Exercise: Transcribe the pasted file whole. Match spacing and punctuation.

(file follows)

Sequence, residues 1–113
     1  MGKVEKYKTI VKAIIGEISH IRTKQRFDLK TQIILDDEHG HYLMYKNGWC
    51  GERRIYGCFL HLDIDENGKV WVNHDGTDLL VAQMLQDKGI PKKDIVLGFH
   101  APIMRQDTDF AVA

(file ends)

Sequence, residues 1–113
     1  MGKVEKYKTI VKAIIGEISH IRTKQRFDLK TQIILDDEHG HYLMYKNGWC
    51  GERRIYGCFL HLDIDENGKV WVNHDGTDLL VAQMLQDKGI PKKDIVLGFH
   101  APIMRQDTDF AVA